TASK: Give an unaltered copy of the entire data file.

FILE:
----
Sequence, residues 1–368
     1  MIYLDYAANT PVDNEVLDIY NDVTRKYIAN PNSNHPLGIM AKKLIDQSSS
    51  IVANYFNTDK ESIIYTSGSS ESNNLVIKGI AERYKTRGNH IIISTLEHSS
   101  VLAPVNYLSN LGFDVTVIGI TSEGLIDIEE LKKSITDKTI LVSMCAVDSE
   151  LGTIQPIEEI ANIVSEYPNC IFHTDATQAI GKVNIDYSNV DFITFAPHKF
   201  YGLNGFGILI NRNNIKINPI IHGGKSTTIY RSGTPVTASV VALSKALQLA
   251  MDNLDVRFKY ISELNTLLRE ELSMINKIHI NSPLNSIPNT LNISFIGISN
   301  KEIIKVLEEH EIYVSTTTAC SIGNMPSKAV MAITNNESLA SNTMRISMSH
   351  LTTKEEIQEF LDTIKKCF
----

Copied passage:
Sequence, residues 1–368
     1  MIYLDYAANT PVDNEVLDIY NDVTRKYIAN PNSNHPLGIM AKKLIDQSSS
    51  IVANYFNTDK ESIIYTSGSS ESNNLVIKGI AERYKTRGNH IIISTLEHSS
   101  VLAPVNYLSN LGFDVTVIGI TSEGLIDIEE LKKSITDKTI LVSMCAVDSE
   151  LGTIQPIEEI ANIVSEYPNC IFHTDATQAI GKVNIDYSNV DFITFAPHKF
   201  YGLNGFGILI NRNNIKINPI IHGGKSTTIY RSGTPVTASV VALSKALQLA
   251  MDNLDVRFKY ISELNTLLRE ELSMINKIHI NSPLNSIPNT LNISFIGISN
   301  KEIIKVLEEH EIYVSTTTAC SIGNMPSKAV MAITNNESLA SNTMRISMSH
   351  LTTKEEIQEF LDTIKKCF